This, in my opinion, is a very poorly treated condition and is a matter of general ignorance as to how to treat biomechanical issues. Injections, physical therapy, or even laser are items to help ease or evaluate the problem but is NOT the primary treatment. A combination of both biomechanical control along with treatment of pain complaints is in order. Fortunately, I have not had to do any surgery on patients over the last 20 years. However, treatment once outlined must be adhered to otherwise recurrence Is certain.

The spur, the picture to the right, looks painful, doesn't it? But the problem really is the soft tissue attachment and the spur is the bones response to constant pulling of the tissue/s on that area. You do not have to remove the spur to provide relief.

If you have been told the problem is due to weight, age, or shock absorption you are being sadly mislead.


Plantar fasciitis

For myself this is one in the same as heel spur. With the only difference is the Xray findings. But the issue of cause and effect remain the same as does the treatment. If someone is treating you currently with orthotics and no physical changes are occurring to the orthotic to effect the angles at which your foot moves on the ground it will be useless. Likewise if it is being treated with a soft device it will be useless. Now trust me I will be more than happy that such measures may have worked for you but there is no man made material that can absorb repetative shock and rebound to its original shape. The soft device just becomes a flexable compressed non controlling device.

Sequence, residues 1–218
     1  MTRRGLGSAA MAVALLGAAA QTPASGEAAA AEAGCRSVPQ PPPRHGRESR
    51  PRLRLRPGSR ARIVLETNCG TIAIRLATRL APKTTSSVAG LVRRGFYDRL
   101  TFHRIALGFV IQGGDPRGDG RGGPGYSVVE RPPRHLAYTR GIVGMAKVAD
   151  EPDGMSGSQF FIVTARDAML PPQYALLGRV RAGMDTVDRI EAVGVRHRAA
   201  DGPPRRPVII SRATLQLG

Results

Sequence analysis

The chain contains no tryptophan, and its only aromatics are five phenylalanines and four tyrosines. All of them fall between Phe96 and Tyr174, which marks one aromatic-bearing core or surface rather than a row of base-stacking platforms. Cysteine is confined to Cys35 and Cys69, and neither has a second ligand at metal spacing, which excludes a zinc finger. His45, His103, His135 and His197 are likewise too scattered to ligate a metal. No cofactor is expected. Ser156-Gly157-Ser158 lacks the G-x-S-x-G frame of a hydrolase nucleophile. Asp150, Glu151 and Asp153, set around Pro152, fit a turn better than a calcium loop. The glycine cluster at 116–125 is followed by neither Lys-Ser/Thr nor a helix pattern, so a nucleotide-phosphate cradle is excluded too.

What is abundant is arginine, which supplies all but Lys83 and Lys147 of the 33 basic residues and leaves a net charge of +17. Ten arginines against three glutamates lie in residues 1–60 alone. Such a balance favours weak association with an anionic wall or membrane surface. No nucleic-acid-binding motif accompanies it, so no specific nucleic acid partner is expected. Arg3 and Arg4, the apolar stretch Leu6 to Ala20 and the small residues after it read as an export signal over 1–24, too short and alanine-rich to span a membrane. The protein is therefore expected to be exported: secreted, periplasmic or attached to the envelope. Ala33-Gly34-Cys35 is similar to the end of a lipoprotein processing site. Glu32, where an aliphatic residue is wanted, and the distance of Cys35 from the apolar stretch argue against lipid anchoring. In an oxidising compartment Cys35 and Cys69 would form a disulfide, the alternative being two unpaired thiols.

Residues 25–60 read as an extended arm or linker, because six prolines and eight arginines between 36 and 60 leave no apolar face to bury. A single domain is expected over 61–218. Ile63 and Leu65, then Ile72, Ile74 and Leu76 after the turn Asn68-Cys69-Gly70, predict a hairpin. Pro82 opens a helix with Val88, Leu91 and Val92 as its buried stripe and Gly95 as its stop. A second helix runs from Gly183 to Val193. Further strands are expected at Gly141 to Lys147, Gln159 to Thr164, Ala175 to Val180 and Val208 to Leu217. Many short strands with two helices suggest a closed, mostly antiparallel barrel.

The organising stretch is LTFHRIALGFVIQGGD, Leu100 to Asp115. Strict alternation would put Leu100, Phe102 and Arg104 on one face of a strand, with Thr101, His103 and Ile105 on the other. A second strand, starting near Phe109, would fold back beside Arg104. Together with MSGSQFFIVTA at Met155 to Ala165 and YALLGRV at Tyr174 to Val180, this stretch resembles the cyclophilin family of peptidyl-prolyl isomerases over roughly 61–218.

So The key is addressing biomechanical concerns which unfortunately is an dead art form of medical treatment. This term is used as it is multiple factors that need to be addressed. Which does not mean the person can tolerate what the doctor maybe attempting to control. We handle and explain all these issues.

Nerve injuries
this can be in combination with the above problems and often times needs to be addressed by itself. Meaning you have been limping on your foot so long that you injure other areas and are essentially with resolving one set of complaints you find yourself feeling a secondary or even tertiary complaint. All of these complaints need to be peeled away layers at a time. This nerve injury can be on the inside or outside of the heel.